STATE ACTIONS ALLEGE FIRMS WERE INSOLVENT OR WERE NEARLY INSOLVENT BY MARCH 31, 2023
On June 15, 2023, the Texas State Securities Board filed enforcement actions against various companies collectively known as Abra and William John “Bill” Barhydt, the founder and CEO of Abra. The enforcement actions allege the respondents committed securities fraud and engaged in deception in connection with the offer and sale of investments in Abra Earn and Abra Boost. The alleged misconduct includes the intentional concealment of financial information reflecting the capitalization of parties, defaults on loans and the transfer of assets to Binance. The enforcement actions also alleged the firms were or were nearly insolvent as of March 31, 2023.
THE TEXAS STATE SECURITIES BOARD IS ENCOURAGING ABRA INVESTORS TO IMMEDIATELY ACCESS AND REVIEW THE ENFORCEMENT ACTIONS. THE ENFORCEMENT ACTIONS INCLUDE ALLEGATIONS THAT RELATE TO THE DISCLOSURE OF INFORMATION, INCLUDING THE DISCLOSURE OF FINANCIAL INFORMATION. ABRA HAS NOT YET HAD THE OPPORTUNITY TO CHALLENGE THE ALLEGATIONS.
THE ENFORCEMENT ACTIONS DO NOT PREVENT THE RESPONDENTS FROM RETURNING ASSETS TO CLIENTS. INSTEAD, THE ENFORCEMENT ACTIONS PRIORITIZE THE RETURN OF ASSETS TO INVESTORS OVER ANY OTHER RELIEF, INCLUDING THE PRAYER FOR MONETARY PENALTIES.
The enforcement actions consist of an Emergency Cease and Desist Order that incorporated a Notice of Hearing from the TSSB Enforcement Division. Taken together, the enforcement actions allege the respondents offered or sold Abra Earn to accredited and unaccredited investors and Abra Boost to accredited investors. Abra investors allegedly used digital assets to fund accounts tied to Abra Earn and Abra Boost in exchange for the payment of interest. Interest rates were as high as 10%, according to the enforcement actions.
The enforcement actions allege the TSSB Enforcement Division warned the respondents but Abra Earn sales continued through in or around October 2022. Around that time, the respondents allegedly stopped selling investments in Abra Earn and began selling investments in Abra Boost. The respondents allegedly relied upon Regulation D, Rule 506, to promote Abra Boost. This federal regulation, together with federal securities laws, preempt Texas and other state securities regulators from administering important laws designed to protect investors.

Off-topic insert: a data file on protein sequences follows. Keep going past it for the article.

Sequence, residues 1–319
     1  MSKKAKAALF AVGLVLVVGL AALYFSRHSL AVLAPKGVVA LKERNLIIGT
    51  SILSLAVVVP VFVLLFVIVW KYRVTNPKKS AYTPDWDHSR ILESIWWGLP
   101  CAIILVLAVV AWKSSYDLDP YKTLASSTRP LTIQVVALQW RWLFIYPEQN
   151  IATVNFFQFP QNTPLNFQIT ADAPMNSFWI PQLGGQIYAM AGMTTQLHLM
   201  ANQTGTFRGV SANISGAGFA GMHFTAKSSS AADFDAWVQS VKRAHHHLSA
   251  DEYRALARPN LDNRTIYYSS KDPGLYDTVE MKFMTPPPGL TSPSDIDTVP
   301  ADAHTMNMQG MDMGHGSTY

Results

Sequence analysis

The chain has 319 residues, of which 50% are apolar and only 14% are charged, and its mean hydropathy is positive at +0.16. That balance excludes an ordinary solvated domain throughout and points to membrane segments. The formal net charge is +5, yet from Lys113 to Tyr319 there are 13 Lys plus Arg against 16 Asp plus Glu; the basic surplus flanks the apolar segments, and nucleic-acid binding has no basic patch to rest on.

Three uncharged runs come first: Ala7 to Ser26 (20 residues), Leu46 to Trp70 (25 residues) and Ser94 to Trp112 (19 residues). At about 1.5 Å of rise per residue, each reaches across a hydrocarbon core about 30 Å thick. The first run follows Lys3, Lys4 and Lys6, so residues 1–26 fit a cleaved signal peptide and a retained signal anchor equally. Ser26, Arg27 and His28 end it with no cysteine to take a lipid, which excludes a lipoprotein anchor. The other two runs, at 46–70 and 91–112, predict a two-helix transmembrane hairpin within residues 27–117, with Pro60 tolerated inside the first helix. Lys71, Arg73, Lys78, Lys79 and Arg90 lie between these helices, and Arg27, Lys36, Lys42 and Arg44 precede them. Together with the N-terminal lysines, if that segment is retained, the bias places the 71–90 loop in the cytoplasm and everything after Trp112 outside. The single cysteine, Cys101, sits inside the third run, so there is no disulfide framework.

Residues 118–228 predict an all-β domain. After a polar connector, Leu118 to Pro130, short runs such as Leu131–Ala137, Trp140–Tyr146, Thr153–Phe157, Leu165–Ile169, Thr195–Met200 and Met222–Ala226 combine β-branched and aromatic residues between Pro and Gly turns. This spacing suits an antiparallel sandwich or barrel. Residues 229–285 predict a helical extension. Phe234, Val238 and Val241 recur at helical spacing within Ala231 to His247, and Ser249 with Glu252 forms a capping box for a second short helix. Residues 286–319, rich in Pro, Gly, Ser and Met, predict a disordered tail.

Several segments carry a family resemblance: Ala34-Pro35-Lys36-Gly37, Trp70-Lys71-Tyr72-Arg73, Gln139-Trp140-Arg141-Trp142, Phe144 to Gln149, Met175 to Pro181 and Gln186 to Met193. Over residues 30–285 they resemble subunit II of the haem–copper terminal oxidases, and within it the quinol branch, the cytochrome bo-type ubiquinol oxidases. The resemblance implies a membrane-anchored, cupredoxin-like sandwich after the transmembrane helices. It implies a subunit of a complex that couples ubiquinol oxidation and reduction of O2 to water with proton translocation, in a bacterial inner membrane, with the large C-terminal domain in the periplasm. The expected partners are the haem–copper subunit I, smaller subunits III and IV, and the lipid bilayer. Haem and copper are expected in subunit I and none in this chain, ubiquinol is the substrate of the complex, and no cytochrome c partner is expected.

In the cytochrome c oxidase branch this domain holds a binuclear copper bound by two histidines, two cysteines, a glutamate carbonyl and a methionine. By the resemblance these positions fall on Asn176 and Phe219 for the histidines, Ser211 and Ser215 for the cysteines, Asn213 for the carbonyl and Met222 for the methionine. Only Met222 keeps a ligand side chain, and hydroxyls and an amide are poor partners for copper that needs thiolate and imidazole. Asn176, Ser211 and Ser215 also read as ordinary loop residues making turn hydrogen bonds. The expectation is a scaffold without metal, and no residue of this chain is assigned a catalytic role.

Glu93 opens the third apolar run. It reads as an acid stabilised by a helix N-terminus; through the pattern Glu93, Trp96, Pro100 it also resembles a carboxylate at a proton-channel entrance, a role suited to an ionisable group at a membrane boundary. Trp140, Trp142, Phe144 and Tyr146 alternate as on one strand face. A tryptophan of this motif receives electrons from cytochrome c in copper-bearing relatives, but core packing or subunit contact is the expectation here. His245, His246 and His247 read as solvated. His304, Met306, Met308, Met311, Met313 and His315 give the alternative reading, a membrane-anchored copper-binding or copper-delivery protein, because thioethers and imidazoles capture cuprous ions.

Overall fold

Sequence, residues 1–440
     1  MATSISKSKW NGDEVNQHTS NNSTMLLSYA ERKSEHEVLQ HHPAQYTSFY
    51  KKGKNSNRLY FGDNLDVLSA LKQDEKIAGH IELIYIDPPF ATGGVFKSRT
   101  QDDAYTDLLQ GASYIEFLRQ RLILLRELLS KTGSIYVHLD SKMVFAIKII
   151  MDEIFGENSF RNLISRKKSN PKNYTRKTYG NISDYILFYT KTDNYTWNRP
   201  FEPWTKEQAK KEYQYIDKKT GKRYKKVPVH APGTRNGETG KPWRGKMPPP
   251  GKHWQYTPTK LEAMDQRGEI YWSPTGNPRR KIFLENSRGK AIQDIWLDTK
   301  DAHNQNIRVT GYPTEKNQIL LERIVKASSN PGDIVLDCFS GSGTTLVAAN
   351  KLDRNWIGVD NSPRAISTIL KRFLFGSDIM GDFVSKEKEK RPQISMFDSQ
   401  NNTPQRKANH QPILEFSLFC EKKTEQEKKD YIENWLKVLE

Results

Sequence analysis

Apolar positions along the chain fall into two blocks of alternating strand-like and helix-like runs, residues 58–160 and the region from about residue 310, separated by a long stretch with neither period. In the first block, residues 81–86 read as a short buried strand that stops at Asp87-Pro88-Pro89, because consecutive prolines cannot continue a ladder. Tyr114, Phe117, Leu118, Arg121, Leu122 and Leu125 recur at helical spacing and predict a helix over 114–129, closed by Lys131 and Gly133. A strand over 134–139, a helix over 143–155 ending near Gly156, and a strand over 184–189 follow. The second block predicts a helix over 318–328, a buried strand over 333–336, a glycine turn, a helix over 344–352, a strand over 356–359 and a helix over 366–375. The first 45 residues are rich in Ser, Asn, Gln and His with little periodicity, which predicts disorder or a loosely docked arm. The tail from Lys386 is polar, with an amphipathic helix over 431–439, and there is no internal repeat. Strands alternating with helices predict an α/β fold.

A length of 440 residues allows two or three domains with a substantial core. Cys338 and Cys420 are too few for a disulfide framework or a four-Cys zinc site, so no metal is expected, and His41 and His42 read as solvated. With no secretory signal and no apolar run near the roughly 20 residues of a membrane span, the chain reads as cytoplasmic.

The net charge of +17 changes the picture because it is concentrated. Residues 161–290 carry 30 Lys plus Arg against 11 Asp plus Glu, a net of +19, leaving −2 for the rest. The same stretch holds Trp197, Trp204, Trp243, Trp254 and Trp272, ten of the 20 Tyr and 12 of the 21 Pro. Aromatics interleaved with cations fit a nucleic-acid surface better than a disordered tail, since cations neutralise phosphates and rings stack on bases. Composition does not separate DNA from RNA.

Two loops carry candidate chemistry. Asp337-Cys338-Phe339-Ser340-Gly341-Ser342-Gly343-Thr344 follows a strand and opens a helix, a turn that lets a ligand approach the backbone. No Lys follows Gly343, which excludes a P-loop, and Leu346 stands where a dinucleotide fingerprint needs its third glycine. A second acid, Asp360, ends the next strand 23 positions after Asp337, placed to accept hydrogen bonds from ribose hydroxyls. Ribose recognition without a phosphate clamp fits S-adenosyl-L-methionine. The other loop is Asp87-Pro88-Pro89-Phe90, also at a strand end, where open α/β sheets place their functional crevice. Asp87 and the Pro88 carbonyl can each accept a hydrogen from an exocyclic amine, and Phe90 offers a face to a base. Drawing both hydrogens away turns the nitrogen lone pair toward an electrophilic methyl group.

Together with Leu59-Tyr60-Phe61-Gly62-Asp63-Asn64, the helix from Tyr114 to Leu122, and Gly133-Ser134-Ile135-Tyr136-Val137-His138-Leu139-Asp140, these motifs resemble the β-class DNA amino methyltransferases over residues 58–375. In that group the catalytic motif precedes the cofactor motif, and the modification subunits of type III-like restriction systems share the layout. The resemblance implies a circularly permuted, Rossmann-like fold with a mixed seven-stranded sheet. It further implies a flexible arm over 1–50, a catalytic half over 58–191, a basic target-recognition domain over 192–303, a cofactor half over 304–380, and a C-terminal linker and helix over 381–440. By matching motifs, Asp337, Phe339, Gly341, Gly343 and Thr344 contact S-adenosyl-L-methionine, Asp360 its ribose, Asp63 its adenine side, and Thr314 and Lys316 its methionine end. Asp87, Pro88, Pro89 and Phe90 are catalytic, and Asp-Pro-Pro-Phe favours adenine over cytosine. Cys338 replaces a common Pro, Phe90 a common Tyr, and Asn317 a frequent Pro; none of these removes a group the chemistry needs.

The enforcement actions allege respondents are allegedly intentionally concealing material information from Abra Boost investors. The enforcement actions allege this information includes the capitalization and operational history of parties and defaults on loans funded with assets tendered by Abra Boost investors. They also allege that as recently as June 11, 2023, the holding company for the parties or an affiliate thereof used an official social media platform to explain that “Abra is not bankrupt” even though the firms were insolvent or were nearly insolvent as of March 31, 2023.
According to the enforcement actions, as of May 17, 2023, the parties collectively had around $116.79 million of assets under management for U.S. Abra Earn and Abra Boost investors. More specifically, as of that date, Abra allegedly managed assets valued at approximately $49.96 million on behalf of 229 U.S. Abra Boost investors and assets valued at approximately $66.83 million on behalf of 9,087 U.S. Abra Earn Investors. These assets include $2.33 million of Abra Boost assets on behalf of 23 Texas residents and $9.12 million of Abra Earn assets on behalf of 827 Texas investors.
The Texas State Securities Board has been leading a working group of state securities regulators organized through the North American Securities Administrators Association (NASAA). NASAA is the oldest international organization dedicated to investor protection and consists of state, territorial and provincial securities regulators from the Untied States, Canada and Mexico. The agency and other members of the working group have filed enforcement actions against other issuers of cryptocurrency depository accounts, including BlockFi, Celsius Network, Voyager Digital and Nexo. Texas has also been advocating for investors that are creditors in bankruptcy proceedings filed by Celsius Network and Voyager Digital.
The respondents can challenge the enforcement actions by requesting a hearing on the Emergency Cease and Desist Order and answering and defending allegations in the Notice of Hearing at the State Office of Administrative Hearings.